Described as a designer who “disregards the universal monotony that plagues menswear”, Andrew Buckler‘s Fall 2010 collection is quite a breathe of the fresh, eccentric air tinted with smell of boundless creativity at this year’s New York Fashion Week. Amidst the current menswear directions of reworking classics and keeping things timeless and safe with more classics, suits, plaids and or the lived-out outdoor wear trend, Andrew Buckler pushed boundaries with a pleasantly surprising collection inspired by Jack Kerouac’s great American novel On The Road.
As a quick encyclopedic bite, On The Road is a novel about traveling and transitions and is one of the definitive work of the beat generation. The story follows his protagonist, Salvatore “Sal” Paradise across the continent, taking us on an adventure which started out with fifty dollars in the pocket, a lot of enthusiasm, optimism and heart. Very much like the story of the novel, Andrew Buckler’s collection is an eclectic one mixing and matching design elements that pushed sartorial boundaries and is aimed for the modern, traveling man in transition.
The show transgresses style and reflects the theme of man in transition not only through space, but also setting, age and time. The presentation started with a quiet rebellion mixing old-school academia looks with avant-garde artistic tendencies by pairing heavy cable knit v-neck sweaters with painterly drippy button downs. In another look, one of the strong pieces in suit of the studied scholar perhaps lies in a classic double breasted pea coat with tough leather accents on shoulders, sleeves and belt. Mixing things up, other characters that come into play include the chic urban outdoor lumberjack where plaids remind us of fall. Aside from more casual, roam-ready pieces, finely tailored grey suit with cuffed shorts worn over leggings and pine-stripe navy suits with a sleek cut and fit made to measure in Italy at Gansevoort Tailors by Andrew Buckler offer quintessentially classic yet progressive dressing for the black-tie occasions.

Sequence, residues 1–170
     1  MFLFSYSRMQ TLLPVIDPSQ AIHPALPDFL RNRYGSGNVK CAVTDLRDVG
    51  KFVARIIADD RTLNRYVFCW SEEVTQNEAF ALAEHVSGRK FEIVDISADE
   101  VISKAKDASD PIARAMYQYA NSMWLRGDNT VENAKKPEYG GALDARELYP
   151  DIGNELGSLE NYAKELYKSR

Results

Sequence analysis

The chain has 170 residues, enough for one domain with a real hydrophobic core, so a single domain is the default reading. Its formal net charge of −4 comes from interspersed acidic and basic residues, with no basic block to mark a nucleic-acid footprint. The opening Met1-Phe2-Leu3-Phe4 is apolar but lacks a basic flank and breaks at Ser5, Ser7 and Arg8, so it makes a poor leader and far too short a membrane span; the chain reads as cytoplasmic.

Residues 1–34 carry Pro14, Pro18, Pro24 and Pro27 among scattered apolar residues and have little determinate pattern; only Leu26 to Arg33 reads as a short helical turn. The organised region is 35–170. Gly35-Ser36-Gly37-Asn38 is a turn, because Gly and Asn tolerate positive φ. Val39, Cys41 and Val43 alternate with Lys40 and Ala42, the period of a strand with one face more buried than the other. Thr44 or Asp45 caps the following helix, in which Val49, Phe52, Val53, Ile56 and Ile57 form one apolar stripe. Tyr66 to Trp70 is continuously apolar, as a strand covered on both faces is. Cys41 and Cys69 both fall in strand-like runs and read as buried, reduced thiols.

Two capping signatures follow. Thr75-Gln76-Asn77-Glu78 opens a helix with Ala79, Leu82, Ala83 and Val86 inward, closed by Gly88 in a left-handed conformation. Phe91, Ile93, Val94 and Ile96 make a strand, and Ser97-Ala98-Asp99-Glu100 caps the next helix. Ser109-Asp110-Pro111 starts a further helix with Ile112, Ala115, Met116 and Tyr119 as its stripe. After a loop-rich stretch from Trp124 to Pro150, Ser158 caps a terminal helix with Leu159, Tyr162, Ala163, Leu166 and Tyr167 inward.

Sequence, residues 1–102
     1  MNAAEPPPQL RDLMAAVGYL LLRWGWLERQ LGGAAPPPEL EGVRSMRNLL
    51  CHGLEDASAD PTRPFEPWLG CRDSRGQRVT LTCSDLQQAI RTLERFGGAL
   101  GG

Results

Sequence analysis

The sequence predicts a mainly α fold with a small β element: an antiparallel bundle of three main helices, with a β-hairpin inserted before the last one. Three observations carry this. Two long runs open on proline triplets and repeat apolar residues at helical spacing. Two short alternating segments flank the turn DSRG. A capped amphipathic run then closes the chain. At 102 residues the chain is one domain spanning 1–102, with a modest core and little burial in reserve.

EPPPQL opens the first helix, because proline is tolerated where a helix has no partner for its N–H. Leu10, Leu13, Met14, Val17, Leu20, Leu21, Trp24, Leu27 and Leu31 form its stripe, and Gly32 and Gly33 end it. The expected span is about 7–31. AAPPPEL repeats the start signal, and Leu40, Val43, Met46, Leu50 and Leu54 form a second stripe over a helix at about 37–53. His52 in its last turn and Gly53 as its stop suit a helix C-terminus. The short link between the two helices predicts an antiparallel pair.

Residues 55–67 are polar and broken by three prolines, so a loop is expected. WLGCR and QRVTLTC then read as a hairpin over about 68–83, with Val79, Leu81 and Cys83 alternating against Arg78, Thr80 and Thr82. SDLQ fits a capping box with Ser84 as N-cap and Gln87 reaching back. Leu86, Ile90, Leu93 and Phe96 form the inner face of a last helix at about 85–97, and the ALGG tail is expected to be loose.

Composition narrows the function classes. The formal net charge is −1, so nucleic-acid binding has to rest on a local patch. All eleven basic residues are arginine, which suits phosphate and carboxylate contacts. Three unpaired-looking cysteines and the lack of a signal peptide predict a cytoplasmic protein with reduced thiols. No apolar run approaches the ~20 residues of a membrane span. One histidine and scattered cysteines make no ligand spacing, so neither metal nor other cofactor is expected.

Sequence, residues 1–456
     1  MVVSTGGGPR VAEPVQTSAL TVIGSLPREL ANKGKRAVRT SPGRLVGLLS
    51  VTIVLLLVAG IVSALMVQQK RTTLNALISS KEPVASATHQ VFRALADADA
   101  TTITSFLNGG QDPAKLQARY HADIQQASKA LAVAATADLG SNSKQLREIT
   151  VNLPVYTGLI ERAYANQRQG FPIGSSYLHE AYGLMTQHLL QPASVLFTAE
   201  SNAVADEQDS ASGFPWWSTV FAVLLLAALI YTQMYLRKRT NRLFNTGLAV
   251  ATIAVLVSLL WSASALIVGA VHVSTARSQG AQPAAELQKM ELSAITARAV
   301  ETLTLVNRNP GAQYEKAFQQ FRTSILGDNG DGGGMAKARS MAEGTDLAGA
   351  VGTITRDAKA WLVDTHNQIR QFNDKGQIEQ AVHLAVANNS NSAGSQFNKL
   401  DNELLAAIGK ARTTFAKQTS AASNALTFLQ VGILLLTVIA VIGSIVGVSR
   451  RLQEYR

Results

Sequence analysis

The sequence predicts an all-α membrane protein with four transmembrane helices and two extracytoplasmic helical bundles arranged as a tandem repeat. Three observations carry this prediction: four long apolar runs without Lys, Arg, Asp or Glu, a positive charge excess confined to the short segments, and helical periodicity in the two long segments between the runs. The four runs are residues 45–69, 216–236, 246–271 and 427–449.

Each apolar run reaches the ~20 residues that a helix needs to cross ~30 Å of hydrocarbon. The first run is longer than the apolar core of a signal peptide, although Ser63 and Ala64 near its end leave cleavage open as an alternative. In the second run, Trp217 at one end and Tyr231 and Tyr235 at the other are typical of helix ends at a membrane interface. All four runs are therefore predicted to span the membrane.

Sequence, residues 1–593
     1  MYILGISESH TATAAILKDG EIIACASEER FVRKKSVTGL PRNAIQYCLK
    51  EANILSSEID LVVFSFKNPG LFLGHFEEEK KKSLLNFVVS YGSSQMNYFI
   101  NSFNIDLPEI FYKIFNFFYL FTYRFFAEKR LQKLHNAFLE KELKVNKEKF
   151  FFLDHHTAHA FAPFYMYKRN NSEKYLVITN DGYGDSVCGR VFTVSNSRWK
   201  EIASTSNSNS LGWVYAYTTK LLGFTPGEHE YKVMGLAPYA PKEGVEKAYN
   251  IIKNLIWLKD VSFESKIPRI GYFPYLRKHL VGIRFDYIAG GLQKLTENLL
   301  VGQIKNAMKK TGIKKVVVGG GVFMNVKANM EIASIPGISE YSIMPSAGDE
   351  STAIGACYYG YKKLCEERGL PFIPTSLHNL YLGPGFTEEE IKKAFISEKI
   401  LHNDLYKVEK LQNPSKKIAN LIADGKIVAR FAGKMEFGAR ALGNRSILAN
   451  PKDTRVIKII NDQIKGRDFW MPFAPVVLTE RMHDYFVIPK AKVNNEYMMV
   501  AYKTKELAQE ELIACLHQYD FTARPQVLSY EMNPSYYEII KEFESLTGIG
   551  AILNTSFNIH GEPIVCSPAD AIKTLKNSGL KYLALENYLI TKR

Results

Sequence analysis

To highlight the meticulous details, Buckler keeps his palette neutral and cool in a series of greys, blacks and white minus the occasion earth tones. While most items stay monochrome, he also challenges the sartorial taboos of mixing brown, navy and black to surprisingly potency.
Definitely a brand to look out for when pushing the creative envelop without coming across as ostentatious, look out for the collection to hit stores later this year.